COLUMN: Recycling unlikely to save the world

I’ve become convinced that recycling is not going to save the world.

I say this because after embarking on a very unscientific and crude examination process, I’ve come to the conclusion that because recycled materials like plastic, aluminum, paper and kitchen waste are now a commodity, there seems to be an awful lot of it around. My recycle bins have never been stuffed so full of, well, stuff.

In our house, my wife and I have a staging area for our recyclables on the corner of our kitchen island. I’m usually the one who transports it from the island to its various containers in the garage. It has become quite a process.

I’ve become mystified at the frequency of trips I’m making to the garage of late. Simple consumer items are often double and triple packaged in that impossible-to-tear plastic, tiny items come in packaging that is absurdly oversized, and bigger items, like TVs, come with so much packaging it requires disposal over the course of several weeks.

I try to keep it all in perspective though, knowing that consumerism is growing globally. In India, 15 million new cellphone subscribers are signed up every month. In China, the middle class is growing so fast that country builds cities the equivalent of Greater Vancouver every month. I wonder if those countries recycle.

In Canada, I appreciate the fact that most of this stuff is ending up in transfer waste stations for reuse (at least I hope it is), but I can’t help but think that the raw materials and energy needed to produce this packaging must be at record levels.

What ever happened to the call for reduced packaging by retail corporations and their suppliers?

It faded swiftly, and has since been replaced by a radical new plan that will change how recycling materials are collected, processed and marketed.

According to the Packaging and Printed Paper Stewardship Plan, put forth to the provincial government last month by Multi-Material British Columbia, a group of retailers and manufacturers largely responsible for the incredible amounts of garbage and recyclable materials that society creates, the change will shift all costs of blue box recycling from civic taxpayers to industry with the goal of reducing packaging.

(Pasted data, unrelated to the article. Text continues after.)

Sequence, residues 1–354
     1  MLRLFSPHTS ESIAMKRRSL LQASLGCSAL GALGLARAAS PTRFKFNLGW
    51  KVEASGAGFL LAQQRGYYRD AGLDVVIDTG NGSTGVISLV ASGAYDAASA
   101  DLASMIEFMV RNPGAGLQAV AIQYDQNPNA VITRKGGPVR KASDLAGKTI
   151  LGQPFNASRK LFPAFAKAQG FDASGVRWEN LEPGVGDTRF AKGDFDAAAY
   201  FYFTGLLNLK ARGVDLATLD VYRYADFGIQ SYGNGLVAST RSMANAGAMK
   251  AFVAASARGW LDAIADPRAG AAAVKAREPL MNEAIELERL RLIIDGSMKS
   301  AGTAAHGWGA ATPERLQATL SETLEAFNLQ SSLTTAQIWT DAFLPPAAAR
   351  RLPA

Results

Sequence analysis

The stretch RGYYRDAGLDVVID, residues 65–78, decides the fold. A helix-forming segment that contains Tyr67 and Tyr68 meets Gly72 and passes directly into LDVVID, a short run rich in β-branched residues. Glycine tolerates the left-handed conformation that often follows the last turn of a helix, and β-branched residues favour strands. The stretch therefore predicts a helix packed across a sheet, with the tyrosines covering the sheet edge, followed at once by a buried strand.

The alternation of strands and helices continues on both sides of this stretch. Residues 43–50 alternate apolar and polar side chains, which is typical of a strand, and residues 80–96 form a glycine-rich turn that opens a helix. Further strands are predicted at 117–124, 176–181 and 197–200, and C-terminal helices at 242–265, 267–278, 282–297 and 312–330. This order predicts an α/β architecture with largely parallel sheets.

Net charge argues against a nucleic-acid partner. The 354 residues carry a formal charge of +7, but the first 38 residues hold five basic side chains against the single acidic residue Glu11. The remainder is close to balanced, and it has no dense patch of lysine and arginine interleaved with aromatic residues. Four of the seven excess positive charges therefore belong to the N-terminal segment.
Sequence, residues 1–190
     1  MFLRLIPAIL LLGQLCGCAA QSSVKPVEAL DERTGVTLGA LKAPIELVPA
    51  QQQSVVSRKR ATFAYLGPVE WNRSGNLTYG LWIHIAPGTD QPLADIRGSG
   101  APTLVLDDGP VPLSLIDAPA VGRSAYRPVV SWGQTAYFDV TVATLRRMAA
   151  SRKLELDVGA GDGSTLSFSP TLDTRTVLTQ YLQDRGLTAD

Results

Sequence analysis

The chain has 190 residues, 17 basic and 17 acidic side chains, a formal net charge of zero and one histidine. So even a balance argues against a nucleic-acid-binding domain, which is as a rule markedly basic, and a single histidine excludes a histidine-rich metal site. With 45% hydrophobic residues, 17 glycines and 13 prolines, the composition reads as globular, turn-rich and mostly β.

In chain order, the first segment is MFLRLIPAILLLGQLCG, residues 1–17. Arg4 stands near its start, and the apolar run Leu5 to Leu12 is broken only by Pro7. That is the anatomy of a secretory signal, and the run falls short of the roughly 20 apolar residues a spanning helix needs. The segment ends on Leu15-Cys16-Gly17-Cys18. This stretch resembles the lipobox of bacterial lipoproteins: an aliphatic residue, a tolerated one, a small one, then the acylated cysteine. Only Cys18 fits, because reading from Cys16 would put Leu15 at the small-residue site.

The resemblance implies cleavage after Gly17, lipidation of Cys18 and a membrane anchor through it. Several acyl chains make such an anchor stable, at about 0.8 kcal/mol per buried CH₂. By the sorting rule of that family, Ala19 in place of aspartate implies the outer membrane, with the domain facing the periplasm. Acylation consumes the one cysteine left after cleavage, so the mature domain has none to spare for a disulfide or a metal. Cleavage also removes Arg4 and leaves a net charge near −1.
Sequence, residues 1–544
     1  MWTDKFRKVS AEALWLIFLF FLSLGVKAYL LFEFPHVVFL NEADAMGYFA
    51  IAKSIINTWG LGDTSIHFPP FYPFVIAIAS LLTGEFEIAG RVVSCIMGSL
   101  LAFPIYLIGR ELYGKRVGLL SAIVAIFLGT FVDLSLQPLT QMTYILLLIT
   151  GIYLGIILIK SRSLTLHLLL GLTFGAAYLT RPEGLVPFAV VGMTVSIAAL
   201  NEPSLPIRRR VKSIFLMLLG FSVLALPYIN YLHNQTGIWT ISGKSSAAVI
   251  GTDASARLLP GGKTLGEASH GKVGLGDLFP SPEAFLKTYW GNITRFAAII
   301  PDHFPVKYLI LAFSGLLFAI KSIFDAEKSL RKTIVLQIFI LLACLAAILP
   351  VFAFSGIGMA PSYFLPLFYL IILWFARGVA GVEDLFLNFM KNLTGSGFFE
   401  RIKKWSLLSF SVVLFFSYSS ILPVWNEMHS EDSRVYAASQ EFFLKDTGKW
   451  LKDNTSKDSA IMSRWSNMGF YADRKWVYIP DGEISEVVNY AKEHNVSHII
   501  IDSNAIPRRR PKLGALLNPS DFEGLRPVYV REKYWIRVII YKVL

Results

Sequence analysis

In a nutshell, the new waste management system will see manufacturers and stores pay 100 per cent of the costs of recycling their products and packaging, but will also retain ownership of the recycled material.

In my opinion, there are two flaws in this approach.

At first glance, it would seem reasonable that in order to reduce packaging costs, retailers and manufactures would simply reduce packaging amounts. But if there is value in recycled paper, newsprint, cardboard, tins and other recyclables, where is the incentive to stop producing it?

Mega-corporations like Tim Hortons and Loblaw, both of which are stakeholders in Multi-Material B.C., aren’t dummies – they won’t incur a cost if there isn’t a potential profit in it.

It only stands to reason that if recyclables are profitable, the more that is produced the more profit is made, especially if there is a monopoly.

What we can also reasonably presume is that under this new system, expected to take full effect in spring 2014, consumers will be forced to pay more for packaged materials, packaging itself won’t be reduced, and that industry will profit from it.

Not exactly a stunning win for the environment, especially since much of that material has the potential to still end up in the landfill at additional cost to taxpayers.

Putting recycled materials and costs in the hands of retailers and industry can be manufactured to look like a good idea, but I’m not buying it.

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